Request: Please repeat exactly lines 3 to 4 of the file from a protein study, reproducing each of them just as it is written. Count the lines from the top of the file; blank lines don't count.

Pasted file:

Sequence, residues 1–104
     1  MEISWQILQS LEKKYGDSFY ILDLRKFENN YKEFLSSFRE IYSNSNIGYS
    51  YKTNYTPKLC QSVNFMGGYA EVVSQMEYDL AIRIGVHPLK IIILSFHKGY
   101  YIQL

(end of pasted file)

    51  YKTNYTPKLC QSVNFMGGYA EVVSQMEYDL AIRIGVHPLK IIILSFHKGY
   101  YIQL